A scientist examining the human-elephant relationship has said she aims to “promote coexistence” as the installation of beehives proved to be an effective elephant deterrent.
Paola Stramandinoli Branco built her survey at Gorongosa National Park in Mozambique on the findings of renowned Oxford University zoologist Dr Lucy King.
Groundbreaking research by Dr King and other experts determined that the tuskers dislike the sound of a swarm and may even panic upon hearing their distinctive buzz.
While elephants can cause significant harm to settlements and crops, their existence is endangered by poaching and habitat loss.
Reflecting on the often tense coexistence of pachyderms and humans, Paola said: “This kind of conflict happens everywhere in the world. It’s just harder to deter elephants due to their size and persistence.”
The researcher from the University of Idaho in Moscow, Idaho, in the United States emphasised: “My goal is to promote coexistence. Elephants destroying less crops, people being more tolerant.”
Science magazine Nautilus reports that Paola focused on “collaring elephants and placing beehives strategically between the national park’s grasslands and the cropland operated by local farmers.”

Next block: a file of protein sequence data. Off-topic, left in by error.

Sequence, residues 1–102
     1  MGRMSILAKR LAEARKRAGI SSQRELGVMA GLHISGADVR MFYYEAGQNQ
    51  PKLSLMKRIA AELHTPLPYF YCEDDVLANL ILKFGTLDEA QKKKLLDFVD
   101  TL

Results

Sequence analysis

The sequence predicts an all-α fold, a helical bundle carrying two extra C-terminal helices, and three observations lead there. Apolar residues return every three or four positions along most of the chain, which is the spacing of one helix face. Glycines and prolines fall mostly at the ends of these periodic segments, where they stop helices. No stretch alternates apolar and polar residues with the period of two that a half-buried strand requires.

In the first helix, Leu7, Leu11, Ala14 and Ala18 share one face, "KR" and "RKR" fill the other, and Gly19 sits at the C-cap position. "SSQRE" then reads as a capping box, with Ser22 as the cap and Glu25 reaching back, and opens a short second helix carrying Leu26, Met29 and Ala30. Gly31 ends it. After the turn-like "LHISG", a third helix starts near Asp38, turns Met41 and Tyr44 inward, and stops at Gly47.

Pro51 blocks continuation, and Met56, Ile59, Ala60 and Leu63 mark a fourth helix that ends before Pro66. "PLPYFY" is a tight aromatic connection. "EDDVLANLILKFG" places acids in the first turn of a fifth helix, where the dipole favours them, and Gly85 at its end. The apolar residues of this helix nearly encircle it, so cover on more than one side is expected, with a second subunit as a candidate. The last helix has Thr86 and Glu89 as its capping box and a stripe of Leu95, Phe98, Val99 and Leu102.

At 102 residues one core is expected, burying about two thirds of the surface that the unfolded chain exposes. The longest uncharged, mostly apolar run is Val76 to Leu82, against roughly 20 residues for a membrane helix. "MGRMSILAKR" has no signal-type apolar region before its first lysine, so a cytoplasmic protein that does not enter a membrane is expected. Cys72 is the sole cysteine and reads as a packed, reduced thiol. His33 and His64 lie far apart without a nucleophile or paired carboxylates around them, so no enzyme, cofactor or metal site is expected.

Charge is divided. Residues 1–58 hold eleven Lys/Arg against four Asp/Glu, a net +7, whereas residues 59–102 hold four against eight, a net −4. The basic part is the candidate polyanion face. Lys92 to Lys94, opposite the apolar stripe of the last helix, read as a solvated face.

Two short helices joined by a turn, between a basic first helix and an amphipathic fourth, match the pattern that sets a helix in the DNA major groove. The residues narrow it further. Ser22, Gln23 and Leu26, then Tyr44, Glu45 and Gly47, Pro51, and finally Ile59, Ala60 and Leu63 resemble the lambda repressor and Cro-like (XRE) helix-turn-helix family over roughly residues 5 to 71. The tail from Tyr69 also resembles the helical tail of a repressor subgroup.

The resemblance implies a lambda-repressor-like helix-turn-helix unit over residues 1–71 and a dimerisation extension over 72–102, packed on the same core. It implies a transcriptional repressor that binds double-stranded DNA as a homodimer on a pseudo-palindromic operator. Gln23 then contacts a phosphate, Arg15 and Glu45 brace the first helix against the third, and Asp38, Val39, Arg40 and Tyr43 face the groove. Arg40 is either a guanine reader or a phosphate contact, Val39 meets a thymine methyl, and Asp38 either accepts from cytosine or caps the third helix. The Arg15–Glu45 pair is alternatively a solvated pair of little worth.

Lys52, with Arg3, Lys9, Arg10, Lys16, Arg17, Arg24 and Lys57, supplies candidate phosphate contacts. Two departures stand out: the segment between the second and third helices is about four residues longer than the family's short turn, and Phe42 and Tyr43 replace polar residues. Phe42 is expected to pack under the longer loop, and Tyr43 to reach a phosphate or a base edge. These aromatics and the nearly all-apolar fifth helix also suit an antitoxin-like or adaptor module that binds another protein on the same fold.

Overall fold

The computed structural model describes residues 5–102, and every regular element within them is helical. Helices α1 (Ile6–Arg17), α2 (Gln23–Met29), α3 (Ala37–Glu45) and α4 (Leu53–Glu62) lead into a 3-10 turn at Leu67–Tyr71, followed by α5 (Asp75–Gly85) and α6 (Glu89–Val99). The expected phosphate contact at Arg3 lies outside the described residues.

Beehive fences set up along the Pungwe River, which separates the national park from farms, ensured a 95 per cent reduction of intrusions by elephants.
Dominique Goncalves heads the national park’s elephant ecology project. She told Nautilus: “It’s a question of how humans and elephants are overlapping.”
The ecologist warned that “situations of conflict” could be created if agricultural estates were ravaged by the pachyderms.
She explained: “That has a huge economic security impact for farmers.”
There are 800 to 1,000 elephants at Gorongosa National Park.
On its website, the institution underlines the animals’ “important role” in the ecosystem as they “act like gardeners by knocking down trees and eating tall grass.”
The national park’s fact sheet further informs that the elephants are “keeping the bush open and clear and accessible to other grazers.”
The installation of hives is considered a first step towards more peaceful relationships between conservation experts, farmers and the elephants.